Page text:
The optimal time to begin breast-feeding is immediately after birth. If the infant is healthy at birth, with a good heart rate, respiratory rate, tone color and cry, then there is no reason to wait. Many infants will have an alert period for one to two hours after birth, and then fall asleep for several hours after that. With early initiation of breast-feeding, the stimulation of the mother to produce milk can occur and the infant can get the benefits of receiving Colostrum, which is filled with antibodies for immunity.
Neonatal nurses and lactation specialists are readily available during the hospital stay to help observe the technique of the mother/infant pair and to instruct the mother about the best positions and techniques. They can also help with any problems that are occurring. This is a great resource. Many hospitals are becoming more responsive to the needs of breast-feeding mothers. But, unfortunately, many are still behind the times. In some hospitals, the nurses will push supplementing with water, glucose-water, or formula. Many hospitals will keep babies in the nursery for a "transition" period for hours and hours. None of this is necessary. It is not necessary to supplement when breast-feeding. As a matter of fact, supplementing can cause problems for the infant with nipple confusion from bottle to breast, and subsequently the baby can have difficulty with breast-feeding. With early discharge from the hospital these days, a mother and infant may go home before the milk comes in at three to five days after birth. This can lead to a lot of frustration as family members may start pushing supplementation because they think the baby is starving. Many mothers that give up on breast-feeding do so during this most difficult time period. Because of this, and also to check the baby's health, a follow-up visit is necessary within two to four days after discharge from the hospital. The baby can be checked and concerns about breast-feeding can be discussed.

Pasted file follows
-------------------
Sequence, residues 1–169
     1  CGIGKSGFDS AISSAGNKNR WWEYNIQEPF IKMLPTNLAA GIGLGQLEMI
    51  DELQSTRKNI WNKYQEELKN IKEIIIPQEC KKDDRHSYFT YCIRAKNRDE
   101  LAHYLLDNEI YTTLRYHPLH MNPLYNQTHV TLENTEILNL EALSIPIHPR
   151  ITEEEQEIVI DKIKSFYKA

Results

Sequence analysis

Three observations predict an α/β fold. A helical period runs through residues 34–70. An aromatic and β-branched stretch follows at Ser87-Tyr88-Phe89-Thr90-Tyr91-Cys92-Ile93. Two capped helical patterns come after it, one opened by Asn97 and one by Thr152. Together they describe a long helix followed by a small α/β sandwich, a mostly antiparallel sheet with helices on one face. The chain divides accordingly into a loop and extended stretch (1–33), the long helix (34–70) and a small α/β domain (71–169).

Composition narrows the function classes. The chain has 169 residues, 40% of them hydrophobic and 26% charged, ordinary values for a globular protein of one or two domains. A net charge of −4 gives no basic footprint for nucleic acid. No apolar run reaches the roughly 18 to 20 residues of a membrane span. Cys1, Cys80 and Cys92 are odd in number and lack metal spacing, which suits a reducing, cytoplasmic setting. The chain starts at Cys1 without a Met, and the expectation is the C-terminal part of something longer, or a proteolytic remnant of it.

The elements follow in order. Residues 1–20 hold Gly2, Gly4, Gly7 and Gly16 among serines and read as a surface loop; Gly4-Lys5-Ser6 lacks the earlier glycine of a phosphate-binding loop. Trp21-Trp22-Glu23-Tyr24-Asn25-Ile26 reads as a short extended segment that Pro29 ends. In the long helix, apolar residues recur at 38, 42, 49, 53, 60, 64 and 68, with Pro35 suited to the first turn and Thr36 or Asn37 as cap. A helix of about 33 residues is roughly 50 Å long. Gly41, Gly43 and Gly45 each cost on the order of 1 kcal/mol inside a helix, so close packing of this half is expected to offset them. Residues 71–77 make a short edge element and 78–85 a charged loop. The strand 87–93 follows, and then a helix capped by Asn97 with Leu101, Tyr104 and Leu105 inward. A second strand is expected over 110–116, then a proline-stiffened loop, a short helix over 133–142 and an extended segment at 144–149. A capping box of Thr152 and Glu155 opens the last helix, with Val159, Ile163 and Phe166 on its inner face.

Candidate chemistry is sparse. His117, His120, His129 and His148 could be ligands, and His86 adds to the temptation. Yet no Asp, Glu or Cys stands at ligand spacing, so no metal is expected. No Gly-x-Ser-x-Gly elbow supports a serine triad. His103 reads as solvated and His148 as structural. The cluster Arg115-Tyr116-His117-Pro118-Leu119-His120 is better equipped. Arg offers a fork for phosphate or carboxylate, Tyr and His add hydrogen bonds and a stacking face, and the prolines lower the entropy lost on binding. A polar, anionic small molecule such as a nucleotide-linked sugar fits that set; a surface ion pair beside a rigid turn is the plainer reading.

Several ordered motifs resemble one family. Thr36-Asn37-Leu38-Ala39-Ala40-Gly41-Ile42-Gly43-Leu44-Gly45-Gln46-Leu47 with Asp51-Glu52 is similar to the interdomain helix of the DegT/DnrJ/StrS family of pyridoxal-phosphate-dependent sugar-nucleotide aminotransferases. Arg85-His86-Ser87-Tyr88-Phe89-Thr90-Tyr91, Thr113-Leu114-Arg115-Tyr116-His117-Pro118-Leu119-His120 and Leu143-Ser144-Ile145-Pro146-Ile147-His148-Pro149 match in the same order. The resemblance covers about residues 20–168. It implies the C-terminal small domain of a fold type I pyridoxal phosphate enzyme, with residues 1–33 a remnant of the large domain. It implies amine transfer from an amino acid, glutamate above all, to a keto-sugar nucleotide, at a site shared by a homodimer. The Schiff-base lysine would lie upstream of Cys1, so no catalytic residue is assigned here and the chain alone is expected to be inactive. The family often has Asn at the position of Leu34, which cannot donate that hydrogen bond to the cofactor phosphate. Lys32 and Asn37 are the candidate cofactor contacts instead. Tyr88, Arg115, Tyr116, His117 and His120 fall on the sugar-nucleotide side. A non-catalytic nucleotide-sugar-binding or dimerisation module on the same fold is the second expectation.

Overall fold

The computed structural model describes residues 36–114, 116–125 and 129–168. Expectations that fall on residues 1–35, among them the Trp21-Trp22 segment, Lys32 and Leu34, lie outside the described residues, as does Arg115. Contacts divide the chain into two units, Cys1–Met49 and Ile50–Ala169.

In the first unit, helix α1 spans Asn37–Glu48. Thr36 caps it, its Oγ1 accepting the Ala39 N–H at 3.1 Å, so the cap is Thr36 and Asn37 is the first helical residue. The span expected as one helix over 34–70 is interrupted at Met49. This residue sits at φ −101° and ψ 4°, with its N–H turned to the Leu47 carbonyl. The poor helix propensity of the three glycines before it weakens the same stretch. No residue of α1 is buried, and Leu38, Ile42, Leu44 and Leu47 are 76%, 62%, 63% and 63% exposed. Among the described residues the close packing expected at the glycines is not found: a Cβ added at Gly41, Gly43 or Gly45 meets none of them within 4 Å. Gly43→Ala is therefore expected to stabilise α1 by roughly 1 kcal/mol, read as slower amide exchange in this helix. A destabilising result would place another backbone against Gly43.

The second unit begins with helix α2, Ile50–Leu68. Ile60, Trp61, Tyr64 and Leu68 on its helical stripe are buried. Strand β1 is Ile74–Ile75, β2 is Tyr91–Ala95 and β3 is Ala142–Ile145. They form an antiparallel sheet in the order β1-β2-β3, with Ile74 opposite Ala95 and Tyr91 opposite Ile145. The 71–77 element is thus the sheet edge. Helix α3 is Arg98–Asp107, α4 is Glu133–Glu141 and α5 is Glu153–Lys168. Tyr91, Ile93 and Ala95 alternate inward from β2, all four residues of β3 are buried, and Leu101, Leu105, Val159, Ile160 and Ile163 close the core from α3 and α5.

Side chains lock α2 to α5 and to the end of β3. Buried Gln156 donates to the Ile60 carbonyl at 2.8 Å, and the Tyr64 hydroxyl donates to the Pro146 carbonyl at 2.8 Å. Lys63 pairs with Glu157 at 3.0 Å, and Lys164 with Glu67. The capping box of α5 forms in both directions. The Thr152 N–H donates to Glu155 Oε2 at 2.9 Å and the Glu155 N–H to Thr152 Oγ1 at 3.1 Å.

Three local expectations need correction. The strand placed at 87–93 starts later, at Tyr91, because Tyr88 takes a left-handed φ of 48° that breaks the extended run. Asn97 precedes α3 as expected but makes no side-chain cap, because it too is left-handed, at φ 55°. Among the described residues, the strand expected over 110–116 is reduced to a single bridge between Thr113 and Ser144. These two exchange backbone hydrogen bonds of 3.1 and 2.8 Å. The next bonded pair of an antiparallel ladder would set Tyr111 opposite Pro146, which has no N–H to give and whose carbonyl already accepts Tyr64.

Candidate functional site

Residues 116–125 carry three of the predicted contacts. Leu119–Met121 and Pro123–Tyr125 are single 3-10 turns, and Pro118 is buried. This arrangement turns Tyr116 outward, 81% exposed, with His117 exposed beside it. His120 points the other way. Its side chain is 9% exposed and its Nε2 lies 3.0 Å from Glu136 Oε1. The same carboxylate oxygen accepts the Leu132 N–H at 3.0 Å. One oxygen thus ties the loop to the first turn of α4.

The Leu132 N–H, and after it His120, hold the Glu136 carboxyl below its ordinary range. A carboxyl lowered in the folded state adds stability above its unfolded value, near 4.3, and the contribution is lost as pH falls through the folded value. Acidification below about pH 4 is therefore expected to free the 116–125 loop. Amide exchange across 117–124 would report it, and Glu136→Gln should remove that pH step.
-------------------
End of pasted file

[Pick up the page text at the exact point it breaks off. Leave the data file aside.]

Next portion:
Remember, if babies were supposed to eat in the first few days after birth, then milk would come in in the first few days after birth. Babies are born with extra fluid in their bodies that they need to lose after birth. That's why they are so puffy at birth, and why they lose up to 10% of their birth weight in the first three to five days. If feeding is going well, then they will be back to birth weight at two weeks of age. Formula is available at birth, so the temptation is to start using it. If you can resist this temptation, the breast-feeding will go much better.